Unfortunately for McGregor, the differences between boxing and MMA are too stark, and Mayweather’s skill specificity is a mountain too high to climb. Boxing rounds are three minutes long, compared to five minutes in MMA, allowing experienced fighters to save energy while doing just enough to rack up points. Boxing gloves are eight ounces, compared to four in MMA, giving defensive fighters an advantage in blocking and parrying punches. And the boxing ring is enclosed with ropes, compared to a fence in MMA, providing elusive fighters with endless escape routes during heated exchanges. Mayweather, for decades, has mastered these nuances perhaps better than any other fighter in history. McGregor has never even competed within these rules.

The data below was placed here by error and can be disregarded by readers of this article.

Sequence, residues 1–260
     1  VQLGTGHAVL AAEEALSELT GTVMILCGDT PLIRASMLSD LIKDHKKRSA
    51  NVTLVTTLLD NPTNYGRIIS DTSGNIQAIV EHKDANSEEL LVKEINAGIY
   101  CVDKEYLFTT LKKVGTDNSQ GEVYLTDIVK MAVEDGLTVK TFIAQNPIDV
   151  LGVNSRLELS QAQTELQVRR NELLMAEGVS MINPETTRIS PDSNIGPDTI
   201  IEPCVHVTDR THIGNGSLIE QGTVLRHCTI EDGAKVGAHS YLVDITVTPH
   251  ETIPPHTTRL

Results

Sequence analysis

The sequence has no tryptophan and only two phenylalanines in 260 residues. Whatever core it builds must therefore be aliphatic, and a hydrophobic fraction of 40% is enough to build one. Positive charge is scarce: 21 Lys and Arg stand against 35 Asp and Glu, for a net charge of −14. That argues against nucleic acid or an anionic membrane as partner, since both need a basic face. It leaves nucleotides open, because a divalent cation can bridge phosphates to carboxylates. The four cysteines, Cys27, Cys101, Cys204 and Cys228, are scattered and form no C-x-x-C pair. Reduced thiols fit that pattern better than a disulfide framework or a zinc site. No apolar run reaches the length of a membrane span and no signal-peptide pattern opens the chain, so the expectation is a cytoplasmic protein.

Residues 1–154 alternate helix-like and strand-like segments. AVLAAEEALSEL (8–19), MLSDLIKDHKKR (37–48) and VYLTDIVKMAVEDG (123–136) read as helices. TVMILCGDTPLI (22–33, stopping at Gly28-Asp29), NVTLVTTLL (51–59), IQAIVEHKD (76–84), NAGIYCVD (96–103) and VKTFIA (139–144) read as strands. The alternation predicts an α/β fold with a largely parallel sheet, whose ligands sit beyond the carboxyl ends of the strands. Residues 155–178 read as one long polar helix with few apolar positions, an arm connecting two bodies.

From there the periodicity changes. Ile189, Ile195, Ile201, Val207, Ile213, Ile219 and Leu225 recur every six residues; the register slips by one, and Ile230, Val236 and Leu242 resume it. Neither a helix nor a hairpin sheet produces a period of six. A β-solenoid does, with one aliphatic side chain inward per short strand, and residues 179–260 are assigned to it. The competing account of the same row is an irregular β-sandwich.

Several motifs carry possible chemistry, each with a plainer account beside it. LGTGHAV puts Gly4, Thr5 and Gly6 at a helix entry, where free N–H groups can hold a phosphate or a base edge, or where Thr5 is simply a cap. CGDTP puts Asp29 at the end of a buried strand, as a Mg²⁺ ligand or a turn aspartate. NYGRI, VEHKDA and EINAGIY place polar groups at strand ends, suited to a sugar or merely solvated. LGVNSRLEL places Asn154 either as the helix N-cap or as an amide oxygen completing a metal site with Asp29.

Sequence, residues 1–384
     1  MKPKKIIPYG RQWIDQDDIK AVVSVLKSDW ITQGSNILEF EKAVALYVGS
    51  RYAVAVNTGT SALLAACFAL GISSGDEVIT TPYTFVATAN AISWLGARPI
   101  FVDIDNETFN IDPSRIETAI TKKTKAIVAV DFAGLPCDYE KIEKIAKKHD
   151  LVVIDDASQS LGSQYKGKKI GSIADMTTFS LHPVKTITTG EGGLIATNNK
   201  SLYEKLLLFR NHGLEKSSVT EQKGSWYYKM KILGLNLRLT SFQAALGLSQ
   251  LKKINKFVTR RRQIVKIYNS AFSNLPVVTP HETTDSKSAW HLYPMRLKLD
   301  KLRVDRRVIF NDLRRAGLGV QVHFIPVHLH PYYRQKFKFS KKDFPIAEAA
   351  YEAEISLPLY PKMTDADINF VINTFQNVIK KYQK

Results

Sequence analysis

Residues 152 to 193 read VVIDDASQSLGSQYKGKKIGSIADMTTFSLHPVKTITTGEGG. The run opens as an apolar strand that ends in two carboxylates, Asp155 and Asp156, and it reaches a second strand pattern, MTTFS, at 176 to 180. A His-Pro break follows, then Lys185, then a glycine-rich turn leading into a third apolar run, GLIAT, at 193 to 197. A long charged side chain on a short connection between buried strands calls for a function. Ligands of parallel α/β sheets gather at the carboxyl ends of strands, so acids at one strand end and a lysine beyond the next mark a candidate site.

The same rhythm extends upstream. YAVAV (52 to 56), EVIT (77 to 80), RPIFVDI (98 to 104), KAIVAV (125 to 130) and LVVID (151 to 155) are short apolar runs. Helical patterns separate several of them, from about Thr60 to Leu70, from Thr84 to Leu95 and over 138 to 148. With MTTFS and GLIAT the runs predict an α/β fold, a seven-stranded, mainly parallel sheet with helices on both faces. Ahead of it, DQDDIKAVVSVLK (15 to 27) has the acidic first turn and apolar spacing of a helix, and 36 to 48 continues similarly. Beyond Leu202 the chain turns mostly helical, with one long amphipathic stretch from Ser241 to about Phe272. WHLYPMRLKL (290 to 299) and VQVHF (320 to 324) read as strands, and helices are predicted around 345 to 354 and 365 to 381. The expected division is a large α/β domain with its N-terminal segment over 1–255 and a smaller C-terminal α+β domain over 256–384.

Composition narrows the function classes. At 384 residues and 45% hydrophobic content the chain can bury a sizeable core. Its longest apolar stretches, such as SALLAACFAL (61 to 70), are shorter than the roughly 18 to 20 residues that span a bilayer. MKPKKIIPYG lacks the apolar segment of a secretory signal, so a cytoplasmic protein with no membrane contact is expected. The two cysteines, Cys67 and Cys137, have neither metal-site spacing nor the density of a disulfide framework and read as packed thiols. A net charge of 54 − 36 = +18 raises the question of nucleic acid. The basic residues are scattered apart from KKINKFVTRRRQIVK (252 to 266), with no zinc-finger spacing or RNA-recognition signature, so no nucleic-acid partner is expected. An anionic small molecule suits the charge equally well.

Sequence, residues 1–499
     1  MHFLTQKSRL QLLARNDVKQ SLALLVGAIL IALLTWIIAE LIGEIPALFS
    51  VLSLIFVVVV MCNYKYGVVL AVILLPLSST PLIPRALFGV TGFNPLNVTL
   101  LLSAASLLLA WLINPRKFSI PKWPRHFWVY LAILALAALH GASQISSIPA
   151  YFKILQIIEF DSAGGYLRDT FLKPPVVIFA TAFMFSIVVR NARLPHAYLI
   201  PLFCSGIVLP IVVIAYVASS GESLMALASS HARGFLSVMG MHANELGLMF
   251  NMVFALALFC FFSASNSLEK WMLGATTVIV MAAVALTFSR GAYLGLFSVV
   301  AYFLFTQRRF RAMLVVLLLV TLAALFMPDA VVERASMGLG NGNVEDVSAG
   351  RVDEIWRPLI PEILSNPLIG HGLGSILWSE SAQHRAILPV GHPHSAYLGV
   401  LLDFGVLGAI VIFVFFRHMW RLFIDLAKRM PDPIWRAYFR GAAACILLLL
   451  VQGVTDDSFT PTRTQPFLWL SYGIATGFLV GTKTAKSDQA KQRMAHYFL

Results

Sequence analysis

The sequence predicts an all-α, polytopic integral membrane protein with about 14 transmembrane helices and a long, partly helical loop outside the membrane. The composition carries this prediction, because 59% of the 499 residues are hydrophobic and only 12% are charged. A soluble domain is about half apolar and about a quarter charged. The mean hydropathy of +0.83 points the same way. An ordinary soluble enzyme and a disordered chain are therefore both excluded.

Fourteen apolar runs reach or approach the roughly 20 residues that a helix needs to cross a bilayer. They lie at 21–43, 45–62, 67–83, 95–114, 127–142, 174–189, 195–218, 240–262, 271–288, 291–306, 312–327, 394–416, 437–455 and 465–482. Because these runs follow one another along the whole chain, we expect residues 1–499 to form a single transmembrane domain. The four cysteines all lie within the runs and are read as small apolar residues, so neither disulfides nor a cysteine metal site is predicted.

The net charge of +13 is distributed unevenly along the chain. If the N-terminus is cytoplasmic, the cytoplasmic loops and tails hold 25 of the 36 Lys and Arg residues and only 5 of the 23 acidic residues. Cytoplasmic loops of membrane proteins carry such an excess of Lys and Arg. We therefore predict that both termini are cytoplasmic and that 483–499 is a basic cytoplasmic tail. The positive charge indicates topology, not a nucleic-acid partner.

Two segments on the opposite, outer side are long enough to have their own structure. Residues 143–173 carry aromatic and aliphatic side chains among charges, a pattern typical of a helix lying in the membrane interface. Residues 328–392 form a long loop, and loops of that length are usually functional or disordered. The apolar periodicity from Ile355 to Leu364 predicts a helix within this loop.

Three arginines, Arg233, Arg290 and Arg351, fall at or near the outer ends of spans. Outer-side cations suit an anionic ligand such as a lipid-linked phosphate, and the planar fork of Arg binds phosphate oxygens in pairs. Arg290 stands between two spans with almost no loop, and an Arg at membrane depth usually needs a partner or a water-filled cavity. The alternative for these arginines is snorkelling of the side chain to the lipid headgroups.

By choosing MMA over boxing at a young age, McGregor negated any chance he would ever have of beating Floyd Mayweather, who came from a boxing family and was wearing gloves before he could walk. Perhaps the best comparison we can make to this fight is a world-class triathlete taking on an elite Kenyan runner in a marathon. The triathlete, while obviously fit and fast, would be blown away by the runner, who has exclusively trained in one discipline his entire life.

Argument Number Two: “McGregor is Bigger, Younger, and Hungrier”

Having fought as high the UFC’s 170-pound weight class, Conor McGregor, 29, certainly has a bigger natural frame than Mayweather, 40, who realistically only moved up from the 135-pound weight class for bigger paydays. Couple those stats with McGregor’s nothing-to-lose, everything-to-gain attitude, and you have an argument for the perfect storm that could lead to a McGregor upset.